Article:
Artist, Ian doesn’t describe himself as an Outsider artist. His reasons are an echo of what Mark was saying. “I used to destroy my work because it didn’t fit in.” Others tried to categorise him but as he got older he decided he didn’t want to be, “Taken over by doctrines of conformity.”
Why has the interest in Outsider Art changed recently?
Jane believes, “Artists have used Outsider artists for their own use for years. Picasso used African art.” On considering the Outsider artists she feels, “You don’t’ want the back story to become more important than the work.” One of the main reasons Outsider Art is more popular is because, “At the Venice Biennale 2 years ago, the curator included a vast number of Outsider artists.”
Mark reminds us in Paris their classification is more rigid and he would often hear people asking if an artwork has been produced by someone who had mental issues before they’d even consider buying the work. He said, “It was like they needed the box ticked.”
Thomas is worried about the capitalist nature and is fearful, “Art will be pressed into the fame and lost.”
Although not directly answering the question, Mark wants, “Honest creativity not techniques and form. It should be emancipating and liberating.”
All the artists on this panel are extremely passionate about Outsider Art and fit the art for art’s sake rationale. They have a true passion for artistic nature and creativity. This warms my heart. Many talks and discussions on art get very intellectual and the academics sometimes forget that art, by its very nature, speaks to us all in different ways. Whether we have any art knowledge or not we still have the capacity to experience it.
What are our responsibilities?
Another heartfelt and passionate response by Mark as he reminds us to, “Respect the artist and art.” For him it is essential to continue the, “Discovery and reaching out to artists who find it difficult to enter the art world and market.” Jane concurs saying she will continue exhibiting their work in her gallery.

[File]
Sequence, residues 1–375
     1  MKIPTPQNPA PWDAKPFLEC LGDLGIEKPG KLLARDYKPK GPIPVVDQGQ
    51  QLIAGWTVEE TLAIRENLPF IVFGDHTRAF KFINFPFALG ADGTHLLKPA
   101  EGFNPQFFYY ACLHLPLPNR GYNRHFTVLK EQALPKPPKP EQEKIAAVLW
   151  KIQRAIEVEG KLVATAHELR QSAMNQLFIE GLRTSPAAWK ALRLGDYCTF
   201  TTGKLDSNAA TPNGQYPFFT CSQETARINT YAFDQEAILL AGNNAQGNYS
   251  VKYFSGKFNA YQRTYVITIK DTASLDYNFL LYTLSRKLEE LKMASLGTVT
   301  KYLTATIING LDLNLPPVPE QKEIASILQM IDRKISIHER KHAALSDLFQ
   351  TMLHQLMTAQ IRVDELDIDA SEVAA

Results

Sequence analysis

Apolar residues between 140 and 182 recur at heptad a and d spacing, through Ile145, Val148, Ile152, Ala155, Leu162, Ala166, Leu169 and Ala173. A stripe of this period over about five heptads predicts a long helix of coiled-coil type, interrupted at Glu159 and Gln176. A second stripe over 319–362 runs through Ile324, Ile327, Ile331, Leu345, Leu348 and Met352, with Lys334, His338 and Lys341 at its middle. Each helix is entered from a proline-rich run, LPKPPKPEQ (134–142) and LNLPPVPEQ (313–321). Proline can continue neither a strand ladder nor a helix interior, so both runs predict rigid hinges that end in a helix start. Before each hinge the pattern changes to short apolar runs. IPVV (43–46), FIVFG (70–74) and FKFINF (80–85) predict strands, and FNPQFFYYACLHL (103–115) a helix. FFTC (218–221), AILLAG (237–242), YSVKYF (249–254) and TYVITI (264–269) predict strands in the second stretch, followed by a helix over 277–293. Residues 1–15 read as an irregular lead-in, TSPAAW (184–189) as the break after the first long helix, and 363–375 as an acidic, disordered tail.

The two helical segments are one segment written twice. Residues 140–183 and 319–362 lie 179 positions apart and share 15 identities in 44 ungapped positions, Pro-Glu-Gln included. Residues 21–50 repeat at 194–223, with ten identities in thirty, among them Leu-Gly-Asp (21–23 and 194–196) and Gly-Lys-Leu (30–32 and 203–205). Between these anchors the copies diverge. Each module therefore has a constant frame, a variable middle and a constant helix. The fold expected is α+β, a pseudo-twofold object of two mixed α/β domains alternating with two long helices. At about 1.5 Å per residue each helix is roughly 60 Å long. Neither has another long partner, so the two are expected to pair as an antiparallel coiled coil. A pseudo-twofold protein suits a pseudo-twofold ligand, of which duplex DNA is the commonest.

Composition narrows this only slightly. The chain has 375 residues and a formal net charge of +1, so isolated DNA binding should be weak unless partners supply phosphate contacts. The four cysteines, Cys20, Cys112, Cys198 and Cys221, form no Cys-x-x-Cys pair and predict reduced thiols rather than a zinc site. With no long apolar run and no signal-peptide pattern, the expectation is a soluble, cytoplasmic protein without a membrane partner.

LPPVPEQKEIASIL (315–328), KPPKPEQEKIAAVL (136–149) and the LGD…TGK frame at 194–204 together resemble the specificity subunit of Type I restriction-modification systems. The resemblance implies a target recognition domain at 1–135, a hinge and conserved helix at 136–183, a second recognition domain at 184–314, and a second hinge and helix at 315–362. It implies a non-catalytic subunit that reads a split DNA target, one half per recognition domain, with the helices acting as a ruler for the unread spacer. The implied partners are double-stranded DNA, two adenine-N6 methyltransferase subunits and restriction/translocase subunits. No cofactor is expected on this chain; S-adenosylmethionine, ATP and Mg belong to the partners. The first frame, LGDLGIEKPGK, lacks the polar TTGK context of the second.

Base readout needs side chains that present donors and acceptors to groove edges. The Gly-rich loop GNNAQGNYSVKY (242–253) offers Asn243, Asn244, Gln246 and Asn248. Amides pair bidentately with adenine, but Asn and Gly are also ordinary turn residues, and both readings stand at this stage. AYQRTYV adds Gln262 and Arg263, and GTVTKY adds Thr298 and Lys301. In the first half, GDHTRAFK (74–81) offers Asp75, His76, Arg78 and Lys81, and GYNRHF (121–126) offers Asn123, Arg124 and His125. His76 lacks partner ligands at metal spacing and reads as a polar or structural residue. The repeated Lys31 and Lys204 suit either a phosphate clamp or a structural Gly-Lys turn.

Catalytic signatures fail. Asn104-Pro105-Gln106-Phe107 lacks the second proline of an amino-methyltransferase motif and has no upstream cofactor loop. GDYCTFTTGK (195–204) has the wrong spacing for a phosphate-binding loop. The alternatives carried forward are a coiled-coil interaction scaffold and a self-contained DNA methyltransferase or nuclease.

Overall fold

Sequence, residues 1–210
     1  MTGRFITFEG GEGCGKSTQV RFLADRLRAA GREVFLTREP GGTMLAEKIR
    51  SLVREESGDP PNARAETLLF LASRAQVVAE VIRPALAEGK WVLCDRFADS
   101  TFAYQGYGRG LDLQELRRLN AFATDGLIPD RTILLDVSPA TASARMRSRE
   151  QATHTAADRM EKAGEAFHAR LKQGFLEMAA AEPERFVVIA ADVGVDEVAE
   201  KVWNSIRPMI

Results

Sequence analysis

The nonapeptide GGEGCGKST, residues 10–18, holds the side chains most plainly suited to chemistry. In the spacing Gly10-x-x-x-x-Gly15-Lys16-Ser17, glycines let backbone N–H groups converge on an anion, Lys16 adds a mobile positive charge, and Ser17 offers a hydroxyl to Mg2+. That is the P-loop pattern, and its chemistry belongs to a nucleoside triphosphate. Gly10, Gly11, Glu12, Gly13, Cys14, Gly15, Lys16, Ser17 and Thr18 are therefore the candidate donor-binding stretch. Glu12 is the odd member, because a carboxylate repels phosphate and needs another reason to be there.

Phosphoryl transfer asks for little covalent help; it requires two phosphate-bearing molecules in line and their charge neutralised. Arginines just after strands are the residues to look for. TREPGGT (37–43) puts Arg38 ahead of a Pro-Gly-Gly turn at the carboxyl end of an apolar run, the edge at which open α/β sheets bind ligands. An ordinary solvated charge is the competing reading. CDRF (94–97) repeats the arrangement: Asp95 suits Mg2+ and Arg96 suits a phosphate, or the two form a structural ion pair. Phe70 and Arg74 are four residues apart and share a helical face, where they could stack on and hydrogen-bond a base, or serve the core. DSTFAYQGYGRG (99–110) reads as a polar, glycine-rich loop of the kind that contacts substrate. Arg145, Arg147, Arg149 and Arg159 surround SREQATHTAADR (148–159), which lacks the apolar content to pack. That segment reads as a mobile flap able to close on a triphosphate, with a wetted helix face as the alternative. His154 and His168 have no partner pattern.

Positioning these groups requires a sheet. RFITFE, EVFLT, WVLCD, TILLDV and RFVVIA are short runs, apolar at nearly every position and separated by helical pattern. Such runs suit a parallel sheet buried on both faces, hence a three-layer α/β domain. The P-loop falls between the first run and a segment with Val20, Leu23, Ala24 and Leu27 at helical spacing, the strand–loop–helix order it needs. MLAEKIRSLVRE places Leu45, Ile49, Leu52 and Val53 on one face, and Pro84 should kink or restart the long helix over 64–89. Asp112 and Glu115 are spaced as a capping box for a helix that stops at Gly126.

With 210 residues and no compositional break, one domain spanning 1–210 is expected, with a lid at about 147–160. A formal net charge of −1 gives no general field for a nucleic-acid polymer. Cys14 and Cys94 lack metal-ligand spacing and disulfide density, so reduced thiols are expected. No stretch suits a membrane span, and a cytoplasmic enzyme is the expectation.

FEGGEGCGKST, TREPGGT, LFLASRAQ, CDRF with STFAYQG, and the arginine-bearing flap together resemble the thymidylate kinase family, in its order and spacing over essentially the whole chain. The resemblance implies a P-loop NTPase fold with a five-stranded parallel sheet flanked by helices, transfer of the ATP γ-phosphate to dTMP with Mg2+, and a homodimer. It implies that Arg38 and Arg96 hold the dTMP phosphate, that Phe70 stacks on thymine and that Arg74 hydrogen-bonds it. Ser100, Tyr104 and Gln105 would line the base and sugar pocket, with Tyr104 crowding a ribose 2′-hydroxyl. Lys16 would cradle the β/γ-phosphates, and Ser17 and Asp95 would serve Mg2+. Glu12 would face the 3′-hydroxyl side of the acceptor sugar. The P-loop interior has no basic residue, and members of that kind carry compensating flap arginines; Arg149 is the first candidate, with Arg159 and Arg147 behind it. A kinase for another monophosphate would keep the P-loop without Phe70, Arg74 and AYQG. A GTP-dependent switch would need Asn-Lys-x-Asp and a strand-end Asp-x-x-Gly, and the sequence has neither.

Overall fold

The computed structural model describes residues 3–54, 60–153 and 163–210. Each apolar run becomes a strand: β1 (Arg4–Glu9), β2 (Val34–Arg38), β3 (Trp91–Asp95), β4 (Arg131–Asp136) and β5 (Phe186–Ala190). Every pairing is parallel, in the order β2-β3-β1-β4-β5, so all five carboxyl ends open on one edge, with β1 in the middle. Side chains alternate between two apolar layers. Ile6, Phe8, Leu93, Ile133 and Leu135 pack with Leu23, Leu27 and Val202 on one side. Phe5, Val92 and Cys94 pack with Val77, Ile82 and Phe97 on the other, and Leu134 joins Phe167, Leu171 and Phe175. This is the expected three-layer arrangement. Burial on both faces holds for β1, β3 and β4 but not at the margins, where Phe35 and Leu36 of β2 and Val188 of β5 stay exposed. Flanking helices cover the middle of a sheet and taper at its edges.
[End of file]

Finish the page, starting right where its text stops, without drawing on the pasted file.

Thomas expresses how good examples of how to treat art and artists by curators and to educate others in the art world is vital. While John thinks it is important to present work in the best possible way, for example, the way he has tried to do in Raw Vision magazine.
Ian states his responsibility would be to stay true to his visual art obsessions, whatever they may be.
The discussion ends with some questions from the floor. One of these stands out.
Could Outsider Art shed light on the human condition, bearing in mind there is no perfect human?
Jane feels you can experience the human condition by sharing someone’s inner vision. Mark tells of compulsive and obsessive works which provides insight and understanding which may never usually be experienced otherwise. Thomas sees Outsider Art as a complicated and reflective process, one where the artist is looking in as well as out.
I don’t think in an hour anyone could answer all of the questions which were initially set out but Joseph Cornell’s exhibition was a great catalyst for a debate. These discussions are a good opener to topics which need further thought. The main message I got from the panel was that Outsider Art needs to be considered respectfully as art on its own terms.
By Helen Shewry